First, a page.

On Tue, Feb 13, 2018 at 09:18:12PM +0000, Patrick Schluter via 
Digitalmars-d-announce wrote:
> On Tuesday, 13 February 2018 at 20:10:59 UTC, Jonathan M Davis wrote:
> > If it's 100% sure that entity references can be treated as just text
> > and that you can't end up with stuff like start tags or end tags
> > being inserted and messing with the parsing such that they all have
> > to be replaced for the XML to be correctly parsed, then I have no
> > problem passing entity references along, and a higher level parser
> > could try to do something with them, but it's not clear to me at all
> > that an XML document with entity references is correct enough to be
> > parsed while not replacing the entity references with whatever XML
> > markup they contain. I had originally passed them along with the
> > idea that a higher level parser could do something with them, but I
> > decided that I couldn't do that if you could do something like drop
> > a start tag in there and change the meaning of the stuff that needs
> > to be parsed that isn't directly in the entity reference.

This made me go to the W3C spec (https://www.w3.org/TR/xml/) to figure
out what exactly is/isn't defined.  I discovered to my chagrin that XML
entities are a huge rabbit hole with extremely pathological behaviour
that makes it almost impossible to implement in any way that's even
remotely efficient.

Here's a page with examples of how nasty it can get:


Here's an example given in the W3C spec itself:

        <?xml version='1.0'?>
        <!DOCTYPE test [
        <!ELEMENT test (#PCDATA) >
        <!ENTITY % xx '&#37;zz;'>
        <!ENTITY % zz '&#60;!ENTITY tricky "error-prone" >' >
        <test>This sample shows a &tricky; method.</test>

A correct XML parser is supposed to produce the following text as the
body of the <test>...</test> tag (the grammatical error is intentional):

        This sample shows a error-prone method.

Fortunately, there's a glimmer of hope on the horizon: in section 4.3.2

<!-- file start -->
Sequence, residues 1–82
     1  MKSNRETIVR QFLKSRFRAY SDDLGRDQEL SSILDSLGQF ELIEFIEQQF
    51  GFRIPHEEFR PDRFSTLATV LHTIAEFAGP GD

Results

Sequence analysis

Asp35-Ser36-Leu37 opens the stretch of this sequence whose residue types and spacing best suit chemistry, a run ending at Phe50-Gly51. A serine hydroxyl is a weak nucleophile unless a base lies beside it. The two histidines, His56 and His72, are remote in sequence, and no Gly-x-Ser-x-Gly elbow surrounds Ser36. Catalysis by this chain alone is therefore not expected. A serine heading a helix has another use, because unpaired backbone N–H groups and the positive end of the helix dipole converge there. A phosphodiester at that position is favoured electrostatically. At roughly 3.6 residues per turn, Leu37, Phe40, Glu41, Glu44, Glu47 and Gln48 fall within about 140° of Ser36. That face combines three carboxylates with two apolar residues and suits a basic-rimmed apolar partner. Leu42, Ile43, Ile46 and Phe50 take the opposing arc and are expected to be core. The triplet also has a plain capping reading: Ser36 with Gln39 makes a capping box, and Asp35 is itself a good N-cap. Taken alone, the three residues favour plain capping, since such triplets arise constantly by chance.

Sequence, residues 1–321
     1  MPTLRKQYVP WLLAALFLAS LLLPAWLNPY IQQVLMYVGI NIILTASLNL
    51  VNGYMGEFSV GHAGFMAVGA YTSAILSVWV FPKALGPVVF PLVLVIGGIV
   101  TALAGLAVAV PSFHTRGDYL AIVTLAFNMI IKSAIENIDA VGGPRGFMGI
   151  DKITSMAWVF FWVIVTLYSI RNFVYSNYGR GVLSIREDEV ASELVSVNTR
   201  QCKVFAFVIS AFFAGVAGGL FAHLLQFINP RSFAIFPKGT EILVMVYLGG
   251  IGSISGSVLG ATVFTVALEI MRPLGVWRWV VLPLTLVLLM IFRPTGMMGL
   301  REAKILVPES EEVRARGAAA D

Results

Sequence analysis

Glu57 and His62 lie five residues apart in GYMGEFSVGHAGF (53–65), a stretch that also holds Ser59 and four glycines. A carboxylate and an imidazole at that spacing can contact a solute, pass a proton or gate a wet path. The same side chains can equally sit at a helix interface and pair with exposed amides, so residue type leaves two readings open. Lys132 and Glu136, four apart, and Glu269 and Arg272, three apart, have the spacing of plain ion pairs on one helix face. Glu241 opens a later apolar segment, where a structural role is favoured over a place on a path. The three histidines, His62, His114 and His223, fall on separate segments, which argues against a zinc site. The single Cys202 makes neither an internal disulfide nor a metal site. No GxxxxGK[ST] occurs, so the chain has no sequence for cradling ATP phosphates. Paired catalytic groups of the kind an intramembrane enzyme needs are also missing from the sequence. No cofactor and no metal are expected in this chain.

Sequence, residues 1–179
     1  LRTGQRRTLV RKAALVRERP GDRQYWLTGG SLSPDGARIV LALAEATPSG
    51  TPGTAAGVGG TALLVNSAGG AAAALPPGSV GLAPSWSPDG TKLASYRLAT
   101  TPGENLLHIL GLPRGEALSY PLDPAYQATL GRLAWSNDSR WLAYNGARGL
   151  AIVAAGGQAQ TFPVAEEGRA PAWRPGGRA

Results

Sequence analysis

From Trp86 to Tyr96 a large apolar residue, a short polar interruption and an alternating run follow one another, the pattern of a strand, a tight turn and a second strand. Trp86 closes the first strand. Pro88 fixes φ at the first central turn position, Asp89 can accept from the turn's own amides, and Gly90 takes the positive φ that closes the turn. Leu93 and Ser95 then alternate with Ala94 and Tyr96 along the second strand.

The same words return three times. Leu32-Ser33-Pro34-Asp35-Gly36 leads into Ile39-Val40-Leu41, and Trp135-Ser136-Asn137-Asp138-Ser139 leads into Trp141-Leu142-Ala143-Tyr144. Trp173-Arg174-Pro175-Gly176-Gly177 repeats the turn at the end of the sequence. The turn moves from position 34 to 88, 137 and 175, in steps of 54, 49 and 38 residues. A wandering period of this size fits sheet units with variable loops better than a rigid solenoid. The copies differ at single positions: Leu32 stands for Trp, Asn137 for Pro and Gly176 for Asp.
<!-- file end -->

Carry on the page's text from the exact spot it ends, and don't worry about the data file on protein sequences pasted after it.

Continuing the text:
of the spec (https://www.w3.org/TR/xml/#wf-entities), it is explicitly

        A consequence of well-formedness in general entities is that the
        logical and physical structures in an XML document are properly
        nested; no start-tag, end-tag, empty-element tag, element,
        comment, processing instruction, character reference, or entity
        reference can begin in one entity and end in another.

Meaning, if I understand it correctly, that you can't have a start tag
in &entity1; and its corresponding end tag in &entity2;, and then have
your document contain "&entity1; &entity2;".  This is because the body
of the entity can only contain text or entire tags (the production
"content" in the spec); an entity that contains an open tag without an
end tag (or vice versa) does not match this rule and is thus illegal.

So this means that we *can* use dxml as a backend to drive a
DTD-supporting XML parser implementation.  The wrapper / higher-level
parser would scan the slices returned by dxml for entity references, and
substitute them accordingly, which may involve handing the body of the
entity to another instance of dxml to parse any tags that may be nested
in there.

The nastiness involving partially-formed entity references (as seen in
the above examples) apparently only applies inside the DOCTYPE
declaration, so AIUI this can be handled by the higher-level parser as
part of replacing inline entities with their replacement text.

(The higher-level parser has a pretty tall order to fill, though,
because entities can refer to remote resources via URI, meaning that an
innocuous-looking 5-line XML file can potentially expand to terabytes of